The unique vector constraint: The impact of direction changes on the linguistic segmentation of motion events.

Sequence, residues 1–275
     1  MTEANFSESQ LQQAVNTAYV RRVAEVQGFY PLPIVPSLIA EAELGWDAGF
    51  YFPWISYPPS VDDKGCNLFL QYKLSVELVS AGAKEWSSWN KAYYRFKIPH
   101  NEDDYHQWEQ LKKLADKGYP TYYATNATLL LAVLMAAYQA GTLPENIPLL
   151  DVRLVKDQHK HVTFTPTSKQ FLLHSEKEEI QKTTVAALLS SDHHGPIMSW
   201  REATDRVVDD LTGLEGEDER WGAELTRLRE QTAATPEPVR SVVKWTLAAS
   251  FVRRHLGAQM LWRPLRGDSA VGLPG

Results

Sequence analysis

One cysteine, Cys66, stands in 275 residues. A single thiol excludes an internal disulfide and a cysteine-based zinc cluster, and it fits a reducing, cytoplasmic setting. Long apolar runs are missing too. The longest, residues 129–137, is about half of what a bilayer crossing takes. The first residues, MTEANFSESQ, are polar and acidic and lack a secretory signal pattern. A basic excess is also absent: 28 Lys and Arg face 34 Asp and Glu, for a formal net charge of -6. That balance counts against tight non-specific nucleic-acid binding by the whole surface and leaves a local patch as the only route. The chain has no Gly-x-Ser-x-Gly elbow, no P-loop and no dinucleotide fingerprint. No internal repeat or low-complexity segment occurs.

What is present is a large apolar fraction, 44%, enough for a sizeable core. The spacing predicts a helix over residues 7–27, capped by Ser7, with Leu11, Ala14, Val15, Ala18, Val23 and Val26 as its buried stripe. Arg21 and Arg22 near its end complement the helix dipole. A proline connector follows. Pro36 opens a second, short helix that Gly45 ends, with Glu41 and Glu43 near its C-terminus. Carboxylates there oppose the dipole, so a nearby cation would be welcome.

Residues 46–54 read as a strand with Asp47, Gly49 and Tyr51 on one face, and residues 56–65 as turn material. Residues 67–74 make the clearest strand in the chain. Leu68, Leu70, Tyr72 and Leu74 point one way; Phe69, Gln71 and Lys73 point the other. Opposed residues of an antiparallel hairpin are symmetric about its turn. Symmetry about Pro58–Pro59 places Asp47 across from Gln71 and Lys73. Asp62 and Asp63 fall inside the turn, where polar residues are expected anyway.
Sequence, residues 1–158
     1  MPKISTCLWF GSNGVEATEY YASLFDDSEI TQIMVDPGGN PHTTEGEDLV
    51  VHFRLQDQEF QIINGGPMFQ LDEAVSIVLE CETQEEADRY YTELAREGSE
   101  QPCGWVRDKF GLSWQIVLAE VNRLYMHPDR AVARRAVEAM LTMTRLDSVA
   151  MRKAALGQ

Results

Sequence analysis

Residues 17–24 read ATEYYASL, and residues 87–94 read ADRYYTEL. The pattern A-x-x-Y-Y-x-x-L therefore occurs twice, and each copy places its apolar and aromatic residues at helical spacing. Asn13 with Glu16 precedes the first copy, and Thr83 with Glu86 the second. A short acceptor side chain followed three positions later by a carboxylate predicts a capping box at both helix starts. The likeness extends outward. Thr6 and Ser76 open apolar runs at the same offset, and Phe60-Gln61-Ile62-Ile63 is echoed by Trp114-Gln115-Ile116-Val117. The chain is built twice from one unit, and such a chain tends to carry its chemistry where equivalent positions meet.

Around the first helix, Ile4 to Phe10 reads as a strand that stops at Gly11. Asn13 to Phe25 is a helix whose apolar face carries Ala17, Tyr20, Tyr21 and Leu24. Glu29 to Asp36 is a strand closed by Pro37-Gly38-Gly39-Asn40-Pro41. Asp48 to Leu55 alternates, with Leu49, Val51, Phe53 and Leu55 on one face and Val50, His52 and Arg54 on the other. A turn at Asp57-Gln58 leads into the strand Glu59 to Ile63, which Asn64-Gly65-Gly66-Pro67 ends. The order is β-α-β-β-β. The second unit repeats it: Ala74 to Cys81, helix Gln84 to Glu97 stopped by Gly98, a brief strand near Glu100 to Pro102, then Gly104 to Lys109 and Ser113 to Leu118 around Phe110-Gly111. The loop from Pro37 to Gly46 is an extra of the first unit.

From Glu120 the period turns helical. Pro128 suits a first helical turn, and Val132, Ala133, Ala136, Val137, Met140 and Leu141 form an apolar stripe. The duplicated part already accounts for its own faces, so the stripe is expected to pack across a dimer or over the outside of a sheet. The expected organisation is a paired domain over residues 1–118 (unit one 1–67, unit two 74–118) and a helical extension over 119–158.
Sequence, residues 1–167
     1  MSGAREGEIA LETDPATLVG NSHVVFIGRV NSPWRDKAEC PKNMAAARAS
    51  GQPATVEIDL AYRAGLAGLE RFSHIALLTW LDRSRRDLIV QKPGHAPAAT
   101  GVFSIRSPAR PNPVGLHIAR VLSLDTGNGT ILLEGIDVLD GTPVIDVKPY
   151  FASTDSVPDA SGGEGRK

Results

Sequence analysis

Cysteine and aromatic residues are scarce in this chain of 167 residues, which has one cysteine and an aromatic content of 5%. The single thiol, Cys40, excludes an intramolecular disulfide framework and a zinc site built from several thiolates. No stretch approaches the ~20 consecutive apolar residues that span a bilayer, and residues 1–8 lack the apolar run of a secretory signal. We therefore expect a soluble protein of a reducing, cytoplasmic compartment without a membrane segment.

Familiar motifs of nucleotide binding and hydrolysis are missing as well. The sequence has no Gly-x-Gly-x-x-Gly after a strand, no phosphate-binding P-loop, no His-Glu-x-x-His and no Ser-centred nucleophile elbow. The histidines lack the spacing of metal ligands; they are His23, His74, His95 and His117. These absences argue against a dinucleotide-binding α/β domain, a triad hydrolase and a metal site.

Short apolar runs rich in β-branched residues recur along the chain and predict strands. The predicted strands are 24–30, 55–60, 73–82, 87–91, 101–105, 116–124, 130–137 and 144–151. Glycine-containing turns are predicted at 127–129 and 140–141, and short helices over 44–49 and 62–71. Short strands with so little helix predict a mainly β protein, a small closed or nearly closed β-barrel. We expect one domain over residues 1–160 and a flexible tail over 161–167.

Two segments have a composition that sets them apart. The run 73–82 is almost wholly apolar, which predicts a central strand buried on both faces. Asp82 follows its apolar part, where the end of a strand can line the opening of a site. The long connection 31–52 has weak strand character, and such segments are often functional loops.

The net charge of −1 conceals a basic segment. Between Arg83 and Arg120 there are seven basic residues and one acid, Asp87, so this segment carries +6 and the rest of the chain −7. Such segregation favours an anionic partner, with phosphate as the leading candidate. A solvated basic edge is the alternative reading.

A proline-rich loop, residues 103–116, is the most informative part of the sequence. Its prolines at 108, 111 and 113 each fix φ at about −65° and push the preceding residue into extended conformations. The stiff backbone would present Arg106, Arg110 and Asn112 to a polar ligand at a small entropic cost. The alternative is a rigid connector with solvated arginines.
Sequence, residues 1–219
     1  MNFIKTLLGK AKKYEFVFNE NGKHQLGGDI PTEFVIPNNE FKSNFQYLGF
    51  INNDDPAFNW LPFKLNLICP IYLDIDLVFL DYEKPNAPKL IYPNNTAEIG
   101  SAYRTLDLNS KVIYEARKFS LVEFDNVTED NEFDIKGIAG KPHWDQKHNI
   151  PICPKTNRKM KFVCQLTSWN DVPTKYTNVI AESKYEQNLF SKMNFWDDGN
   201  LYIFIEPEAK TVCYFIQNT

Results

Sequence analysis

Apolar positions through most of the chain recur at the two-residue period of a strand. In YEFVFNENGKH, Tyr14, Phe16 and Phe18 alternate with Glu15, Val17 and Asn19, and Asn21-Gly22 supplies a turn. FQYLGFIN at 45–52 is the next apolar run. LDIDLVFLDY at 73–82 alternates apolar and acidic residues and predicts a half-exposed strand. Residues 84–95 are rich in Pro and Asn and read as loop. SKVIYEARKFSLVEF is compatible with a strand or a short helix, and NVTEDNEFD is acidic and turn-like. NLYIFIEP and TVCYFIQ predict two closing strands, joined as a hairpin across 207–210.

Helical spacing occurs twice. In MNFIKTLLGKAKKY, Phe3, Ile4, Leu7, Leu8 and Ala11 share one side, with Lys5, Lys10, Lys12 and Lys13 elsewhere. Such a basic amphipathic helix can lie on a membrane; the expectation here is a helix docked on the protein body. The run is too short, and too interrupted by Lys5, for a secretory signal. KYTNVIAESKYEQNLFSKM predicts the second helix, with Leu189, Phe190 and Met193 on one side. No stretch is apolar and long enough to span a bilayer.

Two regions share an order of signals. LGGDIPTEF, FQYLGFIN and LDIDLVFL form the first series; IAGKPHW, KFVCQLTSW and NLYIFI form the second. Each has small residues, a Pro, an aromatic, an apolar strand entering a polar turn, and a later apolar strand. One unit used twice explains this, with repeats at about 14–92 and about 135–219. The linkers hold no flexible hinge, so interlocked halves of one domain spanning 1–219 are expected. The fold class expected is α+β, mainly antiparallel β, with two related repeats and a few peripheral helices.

This paper draws on ongoing research of the Event Representation group within the Argument Structure project at the Max Planck Institute for Psycholinguistics in Nijmegen. The Event Representation group is dedicated to investigating universals and cross-linguistic variation in the linguistic representation of complex events. Motion is one of three domains in which members of the group have been studying the coding of complex events. The results of a pilot study conducted in 1999 on thirteen mostly unrelated languages from six continents show a striking amount of variation in the coding of locomotion events. Section 2 introduces the stimuli that have been used in this investigation and illustrates variation in the representation of motion paths (in the sense of Jackendoff 1983 and Talmy 1972, 1985, 1991) with examples from Yukatek Maya. In this language, path is exclusively lexicalized in a set of verbs of ‘inherently directed motion’ (Levin 1993); there is no differentiation whatsoever of source, goal, or location outside these verb roots. Therefore, a movement from source to goal has to be distributed across a minimum of two mutually independent clauses in Yukatek, one referring to a departure event and one referring to an arrival event.